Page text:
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Old 06-19-2011, 03:35 AM   #11
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Some sort of plant.

ReefCleaners.org | Clean Up Crews and Macro Algae - 5 Red Mangroves
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Old 06-19-2011, 05:15 AM   #12
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remember, your tank has only been up a little over a month. The bacteria that consume nitrate take a while to get fully established as they grow in the deep non oxygenated parts of your aquarium. a DSB can add a place for anaerobic bacteria to grow but it will still take some time for it to colonize. as others have mentioned, growing macro in a sump can help lower Nitrate as well.

you can vacuum the very top of your sand bed, but dont stir it up, all that does is oxygenates your anaerobic bacteria and they dont like it and it also stirs up debris and releases nitrates back into the water column (if you are doing this with every water change most likely that is why your nitrate will not go down)

Remember, very few things come quickly in this hobby.

one last question that just popped into my head.... you aren't using bio-balls are you? they are far too good at aerobic respiration and leave you with all your Nitrate being produced away from places that will have anaerobic bacteria, leading to high levels of nitrate.
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Old 06-19-2011, 08:33 AM   #13
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This is from my research on the test kits, I think yours is fine as it is testing 0 nitrates before you add the water to the tank. You may want to research the sand bed, from what I researched I remember <2" or >4" but not in between, in between has problems. Also, do you have a good cuc?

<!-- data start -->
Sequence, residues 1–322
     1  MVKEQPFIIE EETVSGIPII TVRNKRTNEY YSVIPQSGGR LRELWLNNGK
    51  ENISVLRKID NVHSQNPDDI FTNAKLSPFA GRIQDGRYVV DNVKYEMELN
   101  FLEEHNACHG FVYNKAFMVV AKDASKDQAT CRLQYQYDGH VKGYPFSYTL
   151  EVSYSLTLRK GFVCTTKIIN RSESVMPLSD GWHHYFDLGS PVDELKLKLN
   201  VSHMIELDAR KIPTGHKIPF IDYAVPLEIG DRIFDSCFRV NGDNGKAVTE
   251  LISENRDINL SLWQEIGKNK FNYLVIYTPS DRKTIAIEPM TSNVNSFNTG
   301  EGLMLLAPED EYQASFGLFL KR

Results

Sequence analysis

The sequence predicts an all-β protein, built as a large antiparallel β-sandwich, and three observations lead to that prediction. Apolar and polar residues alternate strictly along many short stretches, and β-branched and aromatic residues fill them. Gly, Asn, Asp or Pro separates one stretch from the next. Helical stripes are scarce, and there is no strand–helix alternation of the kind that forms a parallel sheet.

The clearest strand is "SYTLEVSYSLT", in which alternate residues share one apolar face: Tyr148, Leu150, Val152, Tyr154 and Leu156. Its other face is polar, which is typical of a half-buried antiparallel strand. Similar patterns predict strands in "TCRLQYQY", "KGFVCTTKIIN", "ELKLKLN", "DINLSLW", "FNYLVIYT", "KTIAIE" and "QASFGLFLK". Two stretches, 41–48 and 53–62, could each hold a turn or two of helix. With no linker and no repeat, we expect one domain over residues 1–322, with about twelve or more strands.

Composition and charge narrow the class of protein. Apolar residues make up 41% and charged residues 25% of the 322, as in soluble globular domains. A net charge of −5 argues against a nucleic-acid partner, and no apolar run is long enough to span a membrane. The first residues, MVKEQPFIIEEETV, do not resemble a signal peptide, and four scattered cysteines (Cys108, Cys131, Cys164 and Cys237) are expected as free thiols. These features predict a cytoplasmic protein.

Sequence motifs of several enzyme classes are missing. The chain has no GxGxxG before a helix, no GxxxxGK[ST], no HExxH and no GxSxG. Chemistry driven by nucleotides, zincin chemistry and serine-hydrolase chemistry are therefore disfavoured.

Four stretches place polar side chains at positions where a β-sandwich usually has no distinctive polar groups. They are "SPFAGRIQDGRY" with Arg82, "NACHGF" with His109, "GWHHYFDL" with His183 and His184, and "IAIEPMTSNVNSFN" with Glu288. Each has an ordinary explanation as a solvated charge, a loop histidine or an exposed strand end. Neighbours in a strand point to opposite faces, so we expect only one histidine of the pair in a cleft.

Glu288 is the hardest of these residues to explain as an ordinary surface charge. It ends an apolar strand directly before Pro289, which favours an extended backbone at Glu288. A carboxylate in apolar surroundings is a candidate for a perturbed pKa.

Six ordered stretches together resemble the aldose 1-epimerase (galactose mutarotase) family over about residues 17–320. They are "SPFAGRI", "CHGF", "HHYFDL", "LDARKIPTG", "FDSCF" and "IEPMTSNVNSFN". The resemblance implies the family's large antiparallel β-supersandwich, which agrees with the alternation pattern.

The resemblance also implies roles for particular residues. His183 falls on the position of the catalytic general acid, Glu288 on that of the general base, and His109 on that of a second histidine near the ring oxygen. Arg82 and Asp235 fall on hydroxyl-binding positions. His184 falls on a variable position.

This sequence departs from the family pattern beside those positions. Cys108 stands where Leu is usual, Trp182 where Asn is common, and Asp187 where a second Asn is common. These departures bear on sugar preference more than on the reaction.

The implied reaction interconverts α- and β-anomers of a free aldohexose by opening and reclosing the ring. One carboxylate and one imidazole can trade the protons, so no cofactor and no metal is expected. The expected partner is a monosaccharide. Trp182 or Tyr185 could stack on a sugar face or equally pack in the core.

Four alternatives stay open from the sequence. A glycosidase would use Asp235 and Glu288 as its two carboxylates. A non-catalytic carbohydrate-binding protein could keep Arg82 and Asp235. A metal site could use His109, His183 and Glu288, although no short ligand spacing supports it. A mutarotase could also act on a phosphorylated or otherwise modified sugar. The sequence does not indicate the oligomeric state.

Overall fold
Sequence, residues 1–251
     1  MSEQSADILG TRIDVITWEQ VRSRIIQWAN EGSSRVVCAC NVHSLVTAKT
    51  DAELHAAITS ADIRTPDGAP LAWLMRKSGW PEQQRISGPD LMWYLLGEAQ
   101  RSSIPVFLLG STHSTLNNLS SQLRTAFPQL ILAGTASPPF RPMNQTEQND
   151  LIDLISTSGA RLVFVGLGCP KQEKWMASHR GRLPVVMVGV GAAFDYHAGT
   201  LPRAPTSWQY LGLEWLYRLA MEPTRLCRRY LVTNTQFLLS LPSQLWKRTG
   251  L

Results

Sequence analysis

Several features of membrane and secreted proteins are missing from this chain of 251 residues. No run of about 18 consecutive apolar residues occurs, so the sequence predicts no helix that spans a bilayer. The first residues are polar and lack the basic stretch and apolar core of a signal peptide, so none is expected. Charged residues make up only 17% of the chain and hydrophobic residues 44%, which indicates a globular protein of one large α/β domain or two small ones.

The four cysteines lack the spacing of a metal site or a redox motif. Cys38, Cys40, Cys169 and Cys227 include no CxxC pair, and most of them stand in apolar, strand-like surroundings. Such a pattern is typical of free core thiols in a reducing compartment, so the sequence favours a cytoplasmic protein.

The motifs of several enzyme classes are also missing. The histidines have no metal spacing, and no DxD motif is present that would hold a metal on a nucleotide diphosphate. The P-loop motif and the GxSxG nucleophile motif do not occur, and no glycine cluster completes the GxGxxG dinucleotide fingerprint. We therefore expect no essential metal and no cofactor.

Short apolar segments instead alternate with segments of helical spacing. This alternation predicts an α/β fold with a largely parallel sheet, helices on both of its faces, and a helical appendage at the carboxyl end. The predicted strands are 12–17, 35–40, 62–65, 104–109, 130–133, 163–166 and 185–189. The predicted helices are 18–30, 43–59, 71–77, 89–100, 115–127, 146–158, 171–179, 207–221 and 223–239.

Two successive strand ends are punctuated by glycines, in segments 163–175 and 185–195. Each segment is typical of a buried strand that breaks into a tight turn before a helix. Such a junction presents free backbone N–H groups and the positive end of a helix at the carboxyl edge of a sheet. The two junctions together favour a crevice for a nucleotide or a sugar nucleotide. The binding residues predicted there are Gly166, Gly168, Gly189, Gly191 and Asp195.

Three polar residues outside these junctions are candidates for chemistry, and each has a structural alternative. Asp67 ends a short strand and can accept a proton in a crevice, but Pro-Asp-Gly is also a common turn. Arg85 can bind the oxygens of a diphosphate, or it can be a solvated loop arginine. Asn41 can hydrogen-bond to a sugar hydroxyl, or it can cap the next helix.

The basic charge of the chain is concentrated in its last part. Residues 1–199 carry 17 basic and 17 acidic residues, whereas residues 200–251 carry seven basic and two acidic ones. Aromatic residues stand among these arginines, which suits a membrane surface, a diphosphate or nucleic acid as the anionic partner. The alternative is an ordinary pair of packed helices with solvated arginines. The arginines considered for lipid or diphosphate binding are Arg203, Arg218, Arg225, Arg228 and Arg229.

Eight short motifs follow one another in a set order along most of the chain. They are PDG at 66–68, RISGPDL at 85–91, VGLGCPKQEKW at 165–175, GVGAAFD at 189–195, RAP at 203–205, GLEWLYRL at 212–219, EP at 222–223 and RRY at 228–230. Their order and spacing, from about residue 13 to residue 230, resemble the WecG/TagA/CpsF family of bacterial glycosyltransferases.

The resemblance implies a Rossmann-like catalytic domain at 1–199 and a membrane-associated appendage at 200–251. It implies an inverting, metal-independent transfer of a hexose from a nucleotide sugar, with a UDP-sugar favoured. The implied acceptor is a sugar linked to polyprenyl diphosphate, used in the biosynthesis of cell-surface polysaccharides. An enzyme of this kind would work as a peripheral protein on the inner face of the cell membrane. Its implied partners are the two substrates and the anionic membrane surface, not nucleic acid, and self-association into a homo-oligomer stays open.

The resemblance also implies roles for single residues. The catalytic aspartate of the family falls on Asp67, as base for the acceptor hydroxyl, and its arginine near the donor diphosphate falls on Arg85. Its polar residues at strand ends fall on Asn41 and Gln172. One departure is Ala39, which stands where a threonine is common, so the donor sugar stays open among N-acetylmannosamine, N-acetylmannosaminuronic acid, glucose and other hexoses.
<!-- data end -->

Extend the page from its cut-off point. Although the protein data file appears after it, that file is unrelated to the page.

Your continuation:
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Originally Posted by leftyfish View Post
from an online search, someone who emailed API:
Each bottle has a Lot # printed on it, last four digits are the month and year of manufacture.

Example: Lot # 28A0102. This is a pH reagent manufactured in January of
2002.

Pond Care Wide Range pH, Ammonia, High Range pH, Nitrate,
Phosphate, Copper, Calcium and GH all last for three years.

Nitrite and KH will last for four years.

Freshwater pH(low range) and Pond Care Salt Level will last for five years.

Hope that helps!
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Old 06-19-2011, 02:00 PM   #14
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Look, if after a 50% water change using 0 ppm water...and your water has no change in nitrates...there is a clear problem with however you are testing, most likely cruddy strips.
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Old 06-19-2011, 02:58 PM   #15
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I am using API liquid test, also can I get some further information regarding the sand bed? I also heard something like that but I am not sure, I will buy more sand if necessary.